What is Inorganic Chemistry?

Published on Jun 1, 2016

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In order to understand inorganic chemistry we must first understand what the “inorganic” in its name means. Simply put, anything is considered inorganic if it is not obtained from plants and animals, directly or indirectly. That means all the minerals that we extract from the earth’s crust are inorganic. The helium gas you fill in the balloon which makes it float up and away if you let go is an inorganic gas as it is neither obtained nor derived from organic matter. However, when the question “what is inorganic chemistry” is put forward, most of the learned men shy away from a proper definition because inorganic chemistry has always been defined in terms of what it is not: it is not organic chemistry.

The Thin Line

It is difficult at times to categorize a compound as being an inorganic or organic compound intuitively. There are certain compounds, called organometallic compounds, which employ an amalgam of inorganic and organic chemistry concepts to fully explain their interaction with other entities. There is a need for a systematic study of all the inorganic matter because of the important role it plays in providing us with useful materials. Inorganic chemistry is not all theory like some of the other infamous fields of science. It gives us tangible results in the form of regenerating water filters and compact, portable batteries.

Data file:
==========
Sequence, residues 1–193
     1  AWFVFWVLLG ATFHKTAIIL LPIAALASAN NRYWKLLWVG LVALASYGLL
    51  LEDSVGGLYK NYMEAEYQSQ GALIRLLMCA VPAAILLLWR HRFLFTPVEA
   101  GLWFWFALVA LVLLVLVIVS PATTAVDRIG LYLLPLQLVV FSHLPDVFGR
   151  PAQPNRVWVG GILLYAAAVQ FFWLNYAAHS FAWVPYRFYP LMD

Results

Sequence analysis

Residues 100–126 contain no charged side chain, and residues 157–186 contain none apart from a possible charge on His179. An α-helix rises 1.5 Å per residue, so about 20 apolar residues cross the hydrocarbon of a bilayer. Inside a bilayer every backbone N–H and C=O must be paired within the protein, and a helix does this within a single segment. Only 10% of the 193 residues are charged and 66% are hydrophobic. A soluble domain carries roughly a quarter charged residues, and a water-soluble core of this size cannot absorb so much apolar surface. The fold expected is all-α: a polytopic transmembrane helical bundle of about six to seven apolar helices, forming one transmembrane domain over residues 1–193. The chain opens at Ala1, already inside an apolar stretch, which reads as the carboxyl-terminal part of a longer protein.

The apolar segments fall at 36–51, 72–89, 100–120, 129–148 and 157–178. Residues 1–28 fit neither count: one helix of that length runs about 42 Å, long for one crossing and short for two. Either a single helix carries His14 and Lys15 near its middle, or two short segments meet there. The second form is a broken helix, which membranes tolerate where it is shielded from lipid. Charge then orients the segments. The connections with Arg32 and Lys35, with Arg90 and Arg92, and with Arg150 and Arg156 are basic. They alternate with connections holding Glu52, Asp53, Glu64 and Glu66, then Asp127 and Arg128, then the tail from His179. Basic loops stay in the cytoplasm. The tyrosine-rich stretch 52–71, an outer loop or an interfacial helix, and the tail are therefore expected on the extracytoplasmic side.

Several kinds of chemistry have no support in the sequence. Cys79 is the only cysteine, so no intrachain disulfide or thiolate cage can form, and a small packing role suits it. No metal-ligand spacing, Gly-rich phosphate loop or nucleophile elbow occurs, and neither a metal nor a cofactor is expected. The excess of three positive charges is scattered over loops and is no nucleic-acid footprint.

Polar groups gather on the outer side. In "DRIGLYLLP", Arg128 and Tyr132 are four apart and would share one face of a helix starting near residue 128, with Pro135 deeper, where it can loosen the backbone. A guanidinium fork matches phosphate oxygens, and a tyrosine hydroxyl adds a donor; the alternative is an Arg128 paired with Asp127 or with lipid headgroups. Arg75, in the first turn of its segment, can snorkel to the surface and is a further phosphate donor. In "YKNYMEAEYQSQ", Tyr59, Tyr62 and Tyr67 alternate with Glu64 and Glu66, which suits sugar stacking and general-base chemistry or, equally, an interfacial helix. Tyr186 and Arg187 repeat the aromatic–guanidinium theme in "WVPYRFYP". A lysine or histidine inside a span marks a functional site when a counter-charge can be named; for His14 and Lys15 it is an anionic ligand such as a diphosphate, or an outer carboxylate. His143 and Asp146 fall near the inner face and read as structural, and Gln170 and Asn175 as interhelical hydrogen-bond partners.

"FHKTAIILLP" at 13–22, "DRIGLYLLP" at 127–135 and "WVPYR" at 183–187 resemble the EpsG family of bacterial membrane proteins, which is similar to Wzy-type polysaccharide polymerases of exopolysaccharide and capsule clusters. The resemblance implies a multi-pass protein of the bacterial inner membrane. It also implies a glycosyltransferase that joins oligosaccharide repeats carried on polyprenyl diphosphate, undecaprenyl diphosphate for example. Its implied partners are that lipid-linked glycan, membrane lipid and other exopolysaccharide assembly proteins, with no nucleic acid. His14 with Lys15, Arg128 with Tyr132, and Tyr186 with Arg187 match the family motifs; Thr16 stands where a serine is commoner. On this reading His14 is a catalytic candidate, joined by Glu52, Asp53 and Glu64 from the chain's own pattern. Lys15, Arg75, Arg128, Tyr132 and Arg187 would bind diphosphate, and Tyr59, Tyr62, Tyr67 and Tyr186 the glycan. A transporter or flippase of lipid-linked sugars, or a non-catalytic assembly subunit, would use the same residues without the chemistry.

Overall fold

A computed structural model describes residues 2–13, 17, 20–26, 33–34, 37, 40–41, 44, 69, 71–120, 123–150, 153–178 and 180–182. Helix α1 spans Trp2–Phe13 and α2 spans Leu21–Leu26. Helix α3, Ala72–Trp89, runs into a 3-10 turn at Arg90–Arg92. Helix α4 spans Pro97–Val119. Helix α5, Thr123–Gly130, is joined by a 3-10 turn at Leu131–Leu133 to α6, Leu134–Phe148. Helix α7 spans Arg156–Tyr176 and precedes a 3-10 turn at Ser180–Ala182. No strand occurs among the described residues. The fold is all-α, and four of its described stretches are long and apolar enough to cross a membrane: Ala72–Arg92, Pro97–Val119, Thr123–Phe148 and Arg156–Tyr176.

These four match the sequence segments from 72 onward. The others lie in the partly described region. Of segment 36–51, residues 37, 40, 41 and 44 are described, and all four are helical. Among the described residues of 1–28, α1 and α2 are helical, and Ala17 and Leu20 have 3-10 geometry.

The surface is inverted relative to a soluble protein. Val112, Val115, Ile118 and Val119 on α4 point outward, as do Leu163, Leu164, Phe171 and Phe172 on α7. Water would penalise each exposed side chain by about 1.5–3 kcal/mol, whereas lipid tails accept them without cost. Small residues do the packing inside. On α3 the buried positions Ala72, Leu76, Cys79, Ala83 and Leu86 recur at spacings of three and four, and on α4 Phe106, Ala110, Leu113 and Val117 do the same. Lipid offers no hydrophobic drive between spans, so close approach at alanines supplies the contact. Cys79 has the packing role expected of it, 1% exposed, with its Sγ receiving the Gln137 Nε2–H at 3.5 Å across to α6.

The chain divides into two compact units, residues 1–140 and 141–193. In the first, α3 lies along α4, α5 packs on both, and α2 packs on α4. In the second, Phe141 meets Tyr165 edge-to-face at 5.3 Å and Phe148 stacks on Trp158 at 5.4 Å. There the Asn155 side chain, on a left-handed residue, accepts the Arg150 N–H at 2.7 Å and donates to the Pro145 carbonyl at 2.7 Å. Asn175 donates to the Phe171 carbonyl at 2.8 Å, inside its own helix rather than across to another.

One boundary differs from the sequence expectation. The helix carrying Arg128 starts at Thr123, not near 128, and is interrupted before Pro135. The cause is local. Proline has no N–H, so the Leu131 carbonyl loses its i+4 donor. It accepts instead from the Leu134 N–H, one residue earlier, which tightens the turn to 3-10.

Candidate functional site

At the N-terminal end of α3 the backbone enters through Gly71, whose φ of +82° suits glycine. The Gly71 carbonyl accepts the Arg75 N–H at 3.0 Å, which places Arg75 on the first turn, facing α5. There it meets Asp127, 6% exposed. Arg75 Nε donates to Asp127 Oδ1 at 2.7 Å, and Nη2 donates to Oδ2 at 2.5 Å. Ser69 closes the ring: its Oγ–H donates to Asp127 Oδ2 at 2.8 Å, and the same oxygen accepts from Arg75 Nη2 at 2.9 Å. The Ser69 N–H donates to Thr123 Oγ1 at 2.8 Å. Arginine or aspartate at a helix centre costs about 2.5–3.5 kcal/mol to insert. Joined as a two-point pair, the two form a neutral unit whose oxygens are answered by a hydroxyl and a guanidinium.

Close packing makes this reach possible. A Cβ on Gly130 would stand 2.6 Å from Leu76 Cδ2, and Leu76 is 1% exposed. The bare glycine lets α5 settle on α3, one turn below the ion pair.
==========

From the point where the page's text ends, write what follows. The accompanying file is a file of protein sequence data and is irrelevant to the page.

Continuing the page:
Chips and Plastics

Inorganic chemistry is a wide, loosely-defined branch of chemistry which has an increasing number of uses in the real world. The silicon chips which are used to construct your digital devices are possible because of the study of inorganic chemistry. Also, the plastic body of those digital devices could not be possible without inorganic chemistry which helps in understanding the chemical properties of these materials. Work done in inorganic chemistry directly translates into a beneficial product in your hands.

Browsing the Periodic Table

The periodic table is a table of all the elements that are known to us in a format which groups the elements exhibiting similar chemical properties together. Inorganic chemistry can be thought of as an investigation of matter with research interests over the whole periodic table. The basic idea is to help you predict how chemical properties an element, given those of its group mate since there is a trend which the group members tend to follow. The examination of these trends and behaviors is what inorganic chemistry comprises of.

Techniques of an Inorganic Chemist

It is important to not only impart the knowledge of these inorganic materials to an inorganic chemist but it is also vital to equip him with tools and techniques to give him the freedom to explore more. New discoveries are made in this branch every day because of these techniques which have been developed and perfected over a long period of time. X-ray crystallography, spectroscopy, electrochemistry, etc. are all familiar terms to inorganic researchers. They work on machines fueled by these principles of inorganic chemistry to dissect and study a substance. A study of all the rules which govern these techniques also falls under inorganic chemistry.

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